Ever since the United States adopted a public school system that is run by local elected school boards, we’ve witnessed disputes about curriculum. There’s no avoiding such problems given the importance of education and vast differences of opinion about how it should be accomplished. The political nature of the system assures contention. State involvement exacerbates the conflicts.
Currently, Americans are engaged in the latest grudge matches centering on local educational matters. The highest-profile fights are in Florida, where Republican Gov. Ron DeSantis implemented a rule banning curriculum that deals with sexual orientation or gender identity. In California, the state has mandated “sexual health curriculum” since 2016 and more recently approved a social-studies curriculum with a gay-rights element.
While critics have overstated the significance of both laws, it’s clear state politicians with partisan agendas have imposed their visions on the classroom. At the local level, school boards typically have been dominated by left-leaning teachers’ unions, but conservatives have been electing their own candidates to office to push back against gender and racial policies.
The latest California fracas involves efforts by Gov. Gavin Newsom, Attorney General Rob Bonta and Superintendent of Public Instruction Tony Thurmond to stop right-leaning Southern California school boards from implementing their agenda. Before we get into the details, remember this is nothing new.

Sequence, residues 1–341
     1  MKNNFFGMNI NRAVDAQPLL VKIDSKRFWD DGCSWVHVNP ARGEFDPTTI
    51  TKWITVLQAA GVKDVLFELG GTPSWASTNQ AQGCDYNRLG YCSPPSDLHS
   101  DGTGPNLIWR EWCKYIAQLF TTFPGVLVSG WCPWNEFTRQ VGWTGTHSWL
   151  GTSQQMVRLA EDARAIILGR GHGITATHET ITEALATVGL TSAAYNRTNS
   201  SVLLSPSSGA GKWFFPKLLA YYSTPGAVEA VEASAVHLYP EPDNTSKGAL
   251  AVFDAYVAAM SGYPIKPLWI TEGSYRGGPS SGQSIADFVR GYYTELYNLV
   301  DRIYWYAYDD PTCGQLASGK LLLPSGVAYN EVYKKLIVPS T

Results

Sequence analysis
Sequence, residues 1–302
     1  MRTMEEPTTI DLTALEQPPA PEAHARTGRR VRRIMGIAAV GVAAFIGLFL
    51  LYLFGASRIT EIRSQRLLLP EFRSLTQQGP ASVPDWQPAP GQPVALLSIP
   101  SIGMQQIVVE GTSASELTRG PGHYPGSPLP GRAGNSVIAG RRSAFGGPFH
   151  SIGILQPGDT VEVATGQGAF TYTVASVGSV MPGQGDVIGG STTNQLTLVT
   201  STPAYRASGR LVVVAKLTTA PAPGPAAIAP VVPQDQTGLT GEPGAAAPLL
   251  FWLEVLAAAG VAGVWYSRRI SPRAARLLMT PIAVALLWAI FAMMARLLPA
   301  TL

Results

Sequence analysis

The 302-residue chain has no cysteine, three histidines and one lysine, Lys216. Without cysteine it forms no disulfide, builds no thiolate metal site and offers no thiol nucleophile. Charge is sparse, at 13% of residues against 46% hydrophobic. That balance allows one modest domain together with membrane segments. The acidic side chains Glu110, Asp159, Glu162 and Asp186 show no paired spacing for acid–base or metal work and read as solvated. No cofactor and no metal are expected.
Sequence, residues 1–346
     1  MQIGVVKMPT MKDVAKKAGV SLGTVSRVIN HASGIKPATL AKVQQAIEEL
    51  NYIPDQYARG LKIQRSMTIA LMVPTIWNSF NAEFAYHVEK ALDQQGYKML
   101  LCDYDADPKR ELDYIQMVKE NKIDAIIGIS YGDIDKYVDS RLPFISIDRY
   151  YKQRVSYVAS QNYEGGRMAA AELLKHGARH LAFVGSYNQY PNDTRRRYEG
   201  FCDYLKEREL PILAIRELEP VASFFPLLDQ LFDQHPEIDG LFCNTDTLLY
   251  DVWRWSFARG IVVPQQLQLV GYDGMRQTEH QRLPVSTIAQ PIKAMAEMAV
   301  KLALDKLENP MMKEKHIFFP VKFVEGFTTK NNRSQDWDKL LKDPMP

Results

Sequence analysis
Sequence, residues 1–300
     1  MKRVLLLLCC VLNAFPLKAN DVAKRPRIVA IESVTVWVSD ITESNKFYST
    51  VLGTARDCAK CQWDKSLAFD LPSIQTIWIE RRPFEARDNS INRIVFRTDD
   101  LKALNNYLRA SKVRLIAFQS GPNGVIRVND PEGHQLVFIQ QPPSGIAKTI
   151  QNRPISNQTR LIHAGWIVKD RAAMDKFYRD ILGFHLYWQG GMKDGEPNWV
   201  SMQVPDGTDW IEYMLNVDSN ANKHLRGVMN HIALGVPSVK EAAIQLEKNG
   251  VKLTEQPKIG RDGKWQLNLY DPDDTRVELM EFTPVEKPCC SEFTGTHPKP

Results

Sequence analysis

“In the first place, God made idiots,” quipped author Mark Twain in 1897. “That was for practice. Then he made school boards.” The Scopes “monkey trial” was in 1925. The state of Tennessee prosecuted a local teacher for violating a law that forbid the teaching of evolution in public schools. Ultimately, the U.S. Supreme Court rejected such bans.
This month, Bonta announced an investigation of the Chino Valley Unified School District’s policy adopted last month that requires school officials to notify parents if their child identifies as transgender. Thurmond, who had little to say when his union allies were delaying post-COVID school re-openings, spoke at the July board meeting and was ejected from the meeting as parents yelled “kick him out.”
For his part, Newsom had threatened the Temecula Valley Unified School district with a $1.5-million fine after it rejected that above-mentioned social-studies curriculum because it included materials that mentioned Harvey Milk, the state’s first openly gay elected official. After bitter words between the board president and the governor, the board approved the curriculum last month to avoid a legal battle.
We believe that Newsom, Bonta and Thurmond are overstepping their bounds, whatever the merits of the local boards’ decisions. The latest state test scores show dramatic declines in academic achievement. These officials have more important education-related matters to address. The only people who benefit from these battles are politicians, not students.
California Democrats are engaging in a transparent attempt to score political points with their progressive base. But conservatives are relishing these battles, also. Politico found that Bonta’s investigation is “is exactly the kind of thing the conservative board (in Chino) wanted.” Republican lawmakers have taken up the issue in the state Capitol.
Such hot-button cultural grandstanding is not improving education. The best approach is to reduce politics in the school systems by expanding public school choice and private options so that parents can decide where to send their kids — rather than fighting endless political battles over policies and curriculum.